Murray and his mother in a news clipping from his youth. Polly Murray chronicled the symptoms that her sons and husband began experiencing decades ago in Lyme, Conn.

Murray and his mother in a news clipping from his youth. Polly Murray chronicled the symptoms that her sons and husband began experiencing decades ago in Lyme, Conn.

Many chronically ill people, in fact, suffer from depression or other mental health issues. In one study of patients who had persistent symptoms lasting more than two years and made an average of 12 doctor visits per year, 94 percent had depression, according to Dr. Robert C. Smith of Michigan State University.

Doctors say they treat what they can, which is why they frequently refer patients to therapists. But patients typically attribute their psychological symptoms to the underlying medical problem and resent doctors who suggest treatment only for the depression or anxiety. Some seek relief and answers outside the medical establishment and try unproven therapies.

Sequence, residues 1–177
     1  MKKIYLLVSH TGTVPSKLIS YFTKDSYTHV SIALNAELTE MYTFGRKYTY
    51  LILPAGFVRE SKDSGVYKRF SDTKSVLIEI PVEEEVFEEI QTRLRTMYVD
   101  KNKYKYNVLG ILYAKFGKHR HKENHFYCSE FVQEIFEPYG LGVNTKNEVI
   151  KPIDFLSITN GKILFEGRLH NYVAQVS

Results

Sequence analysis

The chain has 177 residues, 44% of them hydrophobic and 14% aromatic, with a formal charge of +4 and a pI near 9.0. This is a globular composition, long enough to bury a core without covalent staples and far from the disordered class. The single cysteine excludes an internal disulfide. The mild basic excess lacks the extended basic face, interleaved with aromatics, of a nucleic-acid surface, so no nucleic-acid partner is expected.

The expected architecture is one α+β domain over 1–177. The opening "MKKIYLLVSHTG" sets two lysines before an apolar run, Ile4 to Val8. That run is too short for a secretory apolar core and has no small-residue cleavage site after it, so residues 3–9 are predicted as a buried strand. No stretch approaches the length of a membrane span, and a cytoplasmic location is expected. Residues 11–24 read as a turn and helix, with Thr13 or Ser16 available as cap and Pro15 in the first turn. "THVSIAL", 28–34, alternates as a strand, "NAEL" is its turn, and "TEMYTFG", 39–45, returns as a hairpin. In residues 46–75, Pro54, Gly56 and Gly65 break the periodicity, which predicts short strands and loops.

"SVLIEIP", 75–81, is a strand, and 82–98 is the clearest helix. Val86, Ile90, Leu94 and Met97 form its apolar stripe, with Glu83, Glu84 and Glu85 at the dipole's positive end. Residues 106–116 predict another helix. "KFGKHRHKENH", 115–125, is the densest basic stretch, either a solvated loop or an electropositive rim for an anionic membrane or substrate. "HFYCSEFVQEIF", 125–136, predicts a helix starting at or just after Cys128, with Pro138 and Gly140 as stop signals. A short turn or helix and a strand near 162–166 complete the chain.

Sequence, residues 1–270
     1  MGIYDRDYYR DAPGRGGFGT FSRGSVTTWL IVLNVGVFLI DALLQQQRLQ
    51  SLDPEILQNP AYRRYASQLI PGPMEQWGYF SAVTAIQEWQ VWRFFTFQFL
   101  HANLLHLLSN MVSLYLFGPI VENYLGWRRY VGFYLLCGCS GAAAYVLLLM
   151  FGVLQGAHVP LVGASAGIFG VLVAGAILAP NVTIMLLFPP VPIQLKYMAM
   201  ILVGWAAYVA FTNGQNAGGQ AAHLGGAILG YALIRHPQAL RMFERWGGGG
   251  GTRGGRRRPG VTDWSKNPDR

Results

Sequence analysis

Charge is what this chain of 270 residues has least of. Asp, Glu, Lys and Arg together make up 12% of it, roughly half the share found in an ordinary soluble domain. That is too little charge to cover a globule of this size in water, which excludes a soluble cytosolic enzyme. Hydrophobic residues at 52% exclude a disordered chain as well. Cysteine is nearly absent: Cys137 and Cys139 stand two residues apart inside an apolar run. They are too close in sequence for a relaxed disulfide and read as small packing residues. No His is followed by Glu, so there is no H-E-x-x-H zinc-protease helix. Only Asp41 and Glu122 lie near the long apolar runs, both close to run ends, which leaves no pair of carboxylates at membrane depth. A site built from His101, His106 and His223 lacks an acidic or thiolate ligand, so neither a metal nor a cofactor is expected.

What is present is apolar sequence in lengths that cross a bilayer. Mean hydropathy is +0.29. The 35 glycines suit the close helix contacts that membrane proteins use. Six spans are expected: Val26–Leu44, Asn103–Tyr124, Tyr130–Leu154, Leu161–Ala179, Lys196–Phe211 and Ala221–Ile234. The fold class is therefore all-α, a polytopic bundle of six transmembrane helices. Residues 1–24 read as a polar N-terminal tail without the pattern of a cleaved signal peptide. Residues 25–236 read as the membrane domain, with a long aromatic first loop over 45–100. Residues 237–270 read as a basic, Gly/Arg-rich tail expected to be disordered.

Now, some physicians are searching for common ground.

Medical schools do not train doctors “in symptoms that are difficult to explain,” said Smith, who is developing a curriculum to better teach doctors to deal with such problems.

Smith and other doctors say that people with unexplained chronic problems should be treated similarly to patients with known chronic problems: Get them off medicine that does not appear to be working and take small steps to begin to alleviate symptoms.